Adenovirus is a type of DNA virus, which are medium-sized, non-enveloped and double-stranded. Adenovirus named after its isolation from the human adenoid tissue. It was first introduced by a scientist named Rowe who cultured and isolated adenovirus by the plasma tissue culturing. This group of virus can infect human, animals and birds. Adenovirus can cause various diseases like respiratory tract infection, lung infections, common-cold, conjunctivitis etc.
Adenovirus is ubiquitous, which can spread worldwide. The life cycle of adenovirus is a very complex process which first infects the cell, replicates and multiply within the host cell and finally release to produce various types of infections. The infections of adenovirus are most likely to occur in the late winter, spring and early summer months. It is most prevalent in children between the age group of 6 months to 2 years than adults.
- Definition of Adenovirus
- Genome Organisation
- Adeno-Associated Virus
Definition of Adenovirus
Adenovirus can define as the virus which belongs to the group-1, ds-DNA human virus, which can usually cause acute respiratory infections and occasionally cause conjunctivitis, cystitis and gastroenteritis. It was first isolated after culturing the human adenoid tissue in the plasma tissue culture, and hence it is named as “Adenovirus”. It belongs to the family of “Adenoviridae” and subdivides into two genera namely:
- Mastadenovirus: It is the mammalian adenovirus, i.e. cause infections in mammals.
- Aviadenovirus: It is the avian adenovirus, i.e. cause infections in aves.
Resistance: Adenovirus is relatively stable virus particles which can survive at a temperature of 37degrees Celsius for about a week. It gets inactivated at a temperature of 50degrees Celsius or above. It also shows resistance towards chemical agents like ether and bile salts.
The size of adenovirus is larger than the other viruses, but its structure is quite simple, and it shows the following structural properties:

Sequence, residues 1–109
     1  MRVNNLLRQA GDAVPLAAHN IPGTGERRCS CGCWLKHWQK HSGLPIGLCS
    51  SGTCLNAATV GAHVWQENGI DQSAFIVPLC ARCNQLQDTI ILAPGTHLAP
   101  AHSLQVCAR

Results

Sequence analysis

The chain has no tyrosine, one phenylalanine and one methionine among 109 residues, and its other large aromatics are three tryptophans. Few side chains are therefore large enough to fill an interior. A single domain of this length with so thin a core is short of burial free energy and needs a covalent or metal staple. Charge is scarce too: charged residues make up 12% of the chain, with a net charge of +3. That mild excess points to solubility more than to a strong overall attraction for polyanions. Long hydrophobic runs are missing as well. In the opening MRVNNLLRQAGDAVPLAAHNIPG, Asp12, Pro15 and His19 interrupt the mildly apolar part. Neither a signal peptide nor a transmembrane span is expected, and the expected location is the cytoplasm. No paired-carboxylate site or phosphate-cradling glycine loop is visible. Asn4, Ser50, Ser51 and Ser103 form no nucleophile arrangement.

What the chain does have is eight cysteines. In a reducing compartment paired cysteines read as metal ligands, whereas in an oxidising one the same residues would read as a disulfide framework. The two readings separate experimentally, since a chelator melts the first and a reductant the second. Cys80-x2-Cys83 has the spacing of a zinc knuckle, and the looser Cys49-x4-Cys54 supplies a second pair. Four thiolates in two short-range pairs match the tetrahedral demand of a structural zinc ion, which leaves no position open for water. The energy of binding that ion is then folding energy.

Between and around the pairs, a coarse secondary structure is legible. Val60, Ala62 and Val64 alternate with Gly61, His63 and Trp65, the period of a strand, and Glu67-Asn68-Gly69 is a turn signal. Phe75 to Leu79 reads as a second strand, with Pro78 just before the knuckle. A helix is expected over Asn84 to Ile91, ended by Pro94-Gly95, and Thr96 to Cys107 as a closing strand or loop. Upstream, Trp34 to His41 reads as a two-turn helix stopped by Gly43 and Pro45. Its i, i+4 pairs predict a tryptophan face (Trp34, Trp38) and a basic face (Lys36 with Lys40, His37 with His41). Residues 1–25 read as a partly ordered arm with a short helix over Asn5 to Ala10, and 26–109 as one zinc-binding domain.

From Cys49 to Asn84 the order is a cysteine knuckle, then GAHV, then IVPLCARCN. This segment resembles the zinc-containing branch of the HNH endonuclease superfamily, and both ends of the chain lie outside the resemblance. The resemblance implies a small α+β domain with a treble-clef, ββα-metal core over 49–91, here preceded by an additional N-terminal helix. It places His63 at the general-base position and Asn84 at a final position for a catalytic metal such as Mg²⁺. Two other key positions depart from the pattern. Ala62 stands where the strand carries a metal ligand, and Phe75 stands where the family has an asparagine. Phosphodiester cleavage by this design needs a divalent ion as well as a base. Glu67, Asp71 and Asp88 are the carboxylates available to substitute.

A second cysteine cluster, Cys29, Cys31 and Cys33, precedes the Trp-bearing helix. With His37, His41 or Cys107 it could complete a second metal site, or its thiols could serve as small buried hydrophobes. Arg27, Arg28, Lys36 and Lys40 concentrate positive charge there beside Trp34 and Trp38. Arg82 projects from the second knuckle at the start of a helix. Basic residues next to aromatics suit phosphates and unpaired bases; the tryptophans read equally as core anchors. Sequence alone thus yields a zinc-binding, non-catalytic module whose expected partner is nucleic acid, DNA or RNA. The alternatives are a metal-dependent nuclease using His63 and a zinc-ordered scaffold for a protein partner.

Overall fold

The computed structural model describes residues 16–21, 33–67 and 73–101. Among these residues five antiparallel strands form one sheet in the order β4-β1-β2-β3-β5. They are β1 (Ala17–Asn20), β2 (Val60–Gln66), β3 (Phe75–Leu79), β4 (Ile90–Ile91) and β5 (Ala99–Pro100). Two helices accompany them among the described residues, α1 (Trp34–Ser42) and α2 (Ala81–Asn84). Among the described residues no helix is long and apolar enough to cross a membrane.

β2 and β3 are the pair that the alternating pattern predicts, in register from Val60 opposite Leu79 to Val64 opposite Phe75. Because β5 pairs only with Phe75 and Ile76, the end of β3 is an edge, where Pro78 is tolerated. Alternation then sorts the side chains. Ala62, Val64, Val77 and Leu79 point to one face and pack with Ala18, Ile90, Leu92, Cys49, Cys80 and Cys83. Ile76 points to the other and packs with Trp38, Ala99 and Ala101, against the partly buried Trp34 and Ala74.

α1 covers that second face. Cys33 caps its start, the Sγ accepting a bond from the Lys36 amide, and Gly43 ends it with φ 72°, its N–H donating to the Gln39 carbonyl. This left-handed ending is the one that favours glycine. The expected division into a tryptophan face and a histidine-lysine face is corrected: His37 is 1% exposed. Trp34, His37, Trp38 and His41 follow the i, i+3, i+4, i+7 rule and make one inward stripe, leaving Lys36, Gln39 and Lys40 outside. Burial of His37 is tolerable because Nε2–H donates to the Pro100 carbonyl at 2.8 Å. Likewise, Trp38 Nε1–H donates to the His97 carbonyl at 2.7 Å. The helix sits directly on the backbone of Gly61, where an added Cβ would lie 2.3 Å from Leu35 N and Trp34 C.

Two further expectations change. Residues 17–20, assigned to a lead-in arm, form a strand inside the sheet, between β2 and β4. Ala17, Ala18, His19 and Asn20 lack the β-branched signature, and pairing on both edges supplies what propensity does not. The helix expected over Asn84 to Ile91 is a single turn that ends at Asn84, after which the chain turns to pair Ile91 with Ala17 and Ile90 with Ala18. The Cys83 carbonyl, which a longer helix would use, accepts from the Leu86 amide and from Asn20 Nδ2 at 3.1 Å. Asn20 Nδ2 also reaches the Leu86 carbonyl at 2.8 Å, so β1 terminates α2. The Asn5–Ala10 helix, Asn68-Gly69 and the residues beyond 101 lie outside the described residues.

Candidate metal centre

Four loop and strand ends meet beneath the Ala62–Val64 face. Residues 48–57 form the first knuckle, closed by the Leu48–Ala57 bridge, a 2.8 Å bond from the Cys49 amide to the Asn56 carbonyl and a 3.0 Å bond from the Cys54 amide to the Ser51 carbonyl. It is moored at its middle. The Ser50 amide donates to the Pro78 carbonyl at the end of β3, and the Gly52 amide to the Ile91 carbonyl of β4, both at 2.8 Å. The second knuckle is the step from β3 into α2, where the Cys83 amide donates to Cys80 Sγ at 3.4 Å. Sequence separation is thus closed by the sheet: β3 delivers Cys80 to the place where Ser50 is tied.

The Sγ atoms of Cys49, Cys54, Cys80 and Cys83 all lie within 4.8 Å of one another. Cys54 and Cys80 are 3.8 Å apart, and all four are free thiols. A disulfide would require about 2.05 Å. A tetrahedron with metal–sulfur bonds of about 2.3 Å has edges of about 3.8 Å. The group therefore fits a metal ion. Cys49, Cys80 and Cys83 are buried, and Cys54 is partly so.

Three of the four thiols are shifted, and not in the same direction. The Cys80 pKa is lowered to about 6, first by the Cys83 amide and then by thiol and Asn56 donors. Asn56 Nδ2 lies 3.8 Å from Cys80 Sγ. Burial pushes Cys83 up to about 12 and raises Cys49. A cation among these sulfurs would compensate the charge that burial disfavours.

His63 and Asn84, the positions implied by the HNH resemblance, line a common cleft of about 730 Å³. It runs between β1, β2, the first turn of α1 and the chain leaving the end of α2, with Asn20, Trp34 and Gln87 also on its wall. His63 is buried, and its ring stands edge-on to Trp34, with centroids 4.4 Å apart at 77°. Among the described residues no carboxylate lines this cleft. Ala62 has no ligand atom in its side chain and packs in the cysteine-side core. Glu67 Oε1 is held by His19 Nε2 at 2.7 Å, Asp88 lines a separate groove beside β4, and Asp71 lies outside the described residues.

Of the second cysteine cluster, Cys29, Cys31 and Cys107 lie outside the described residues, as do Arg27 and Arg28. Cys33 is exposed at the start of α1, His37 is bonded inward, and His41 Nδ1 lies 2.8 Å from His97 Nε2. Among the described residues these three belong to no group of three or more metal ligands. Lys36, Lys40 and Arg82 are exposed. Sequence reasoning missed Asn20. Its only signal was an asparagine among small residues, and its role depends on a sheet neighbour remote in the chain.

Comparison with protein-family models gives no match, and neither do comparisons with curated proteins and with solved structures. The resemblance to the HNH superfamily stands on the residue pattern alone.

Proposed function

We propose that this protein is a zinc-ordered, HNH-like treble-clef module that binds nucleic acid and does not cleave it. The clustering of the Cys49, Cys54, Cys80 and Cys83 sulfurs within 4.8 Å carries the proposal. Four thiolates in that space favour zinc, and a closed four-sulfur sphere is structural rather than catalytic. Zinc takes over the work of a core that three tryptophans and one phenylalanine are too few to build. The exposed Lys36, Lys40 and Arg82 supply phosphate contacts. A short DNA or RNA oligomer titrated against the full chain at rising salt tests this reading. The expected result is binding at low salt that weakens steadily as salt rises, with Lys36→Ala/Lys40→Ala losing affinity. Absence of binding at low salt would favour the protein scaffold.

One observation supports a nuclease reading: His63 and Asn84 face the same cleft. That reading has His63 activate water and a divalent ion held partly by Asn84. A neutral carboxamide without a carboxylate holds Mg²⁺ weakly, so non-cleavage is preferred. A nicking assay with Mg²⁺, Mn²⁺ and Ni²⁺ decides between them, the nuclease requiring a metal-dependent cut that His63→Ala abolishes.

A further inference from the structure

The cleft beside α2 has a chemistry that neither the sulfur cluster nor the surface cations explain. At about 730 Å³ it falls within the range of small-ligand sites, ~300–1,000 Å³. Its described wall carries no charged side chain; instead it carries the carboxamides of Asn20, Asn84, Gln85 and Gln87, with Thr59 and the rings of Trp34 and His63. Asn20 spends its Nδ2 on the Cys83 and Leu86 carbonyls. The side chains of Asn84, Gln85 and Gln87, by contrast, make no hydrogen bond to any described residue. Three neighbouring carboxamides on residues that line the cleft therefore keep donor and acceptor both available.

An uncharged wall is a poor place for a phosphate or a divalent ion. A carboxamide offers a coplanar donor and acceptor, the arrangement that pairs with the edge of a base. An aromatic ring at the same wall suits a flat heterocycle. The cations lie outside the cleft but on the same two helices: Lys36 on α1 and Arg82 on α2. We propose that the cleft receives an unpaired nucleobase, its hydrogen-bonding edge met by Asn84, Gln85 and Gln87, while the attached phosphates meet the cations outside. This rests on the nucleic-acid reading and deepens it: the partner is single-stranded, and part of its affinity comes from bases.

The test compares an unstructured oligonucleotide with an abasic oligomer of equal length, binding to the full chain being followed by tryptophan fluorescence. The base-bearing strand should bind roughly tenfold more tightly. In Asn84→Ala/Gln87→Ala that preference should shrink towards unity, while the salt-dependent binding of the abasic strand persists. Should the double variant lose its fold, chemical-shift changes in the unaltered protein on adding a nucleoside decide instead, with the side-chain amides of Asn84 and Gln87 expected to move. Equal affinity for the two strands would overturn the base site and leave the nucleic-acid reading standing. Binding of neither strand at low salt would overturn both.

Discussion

Size: It is medium-sized.
Shape: Shows “Icosahedral symmetry” and resembles to the shape of the space vehicle.
Capsid: The adenovirus has an icosahedral, naked and non-enveloped capsid. The diameter of the capsid ranges from 90-100 nm. The capsid is composed of 252 protein subunits, which refers as “Capsomeres”.
The capsomeres consist of 240 hexon subunits and 12 penton subunits. The 240 hexon occupies the faces, and 12 pentons occupy the vertices of the capsid or shell.
Pentons consists of penton base and penton fibre. A long penton fibre attaches to the penton base acts as “Hemagglutinin” and carry specific antigens, which are toxic to the cells. Knob like structure is present to the terminal ends of the penton fibres which helps in attachment of the virus to the host cell.
Core: The core of adenovirus consists of a linear, ds-DNA genome and composed of protein V, VII and arginine-rich protein (µ). Inside the core of adenovirus, a protein of 55KDa attaches to the 5’end of the ds-DNA.
The genome organisation of adenovirus consists of linear, non-segmented and ds-DNA with a size of 30-38 Kb. Its genome produces four types of gene products during the gene expression.
E1A is a gene product of the immediate-early phase of gene expression. Gene products, namely E1B, E2A, E2B, E3 and E4, produces during the early stage of gene expression. VA is an intermediate gene product which encodes small RNAs (VA1 and VA2 RNAs) and produces during the intermediate stage of gene expression. Gene products, namely L1, L2, L3, L4 and L5, MLP and Ψ gene produces during the late phase of gene expression.
- Immediate early genes help in the replication of viral DNA.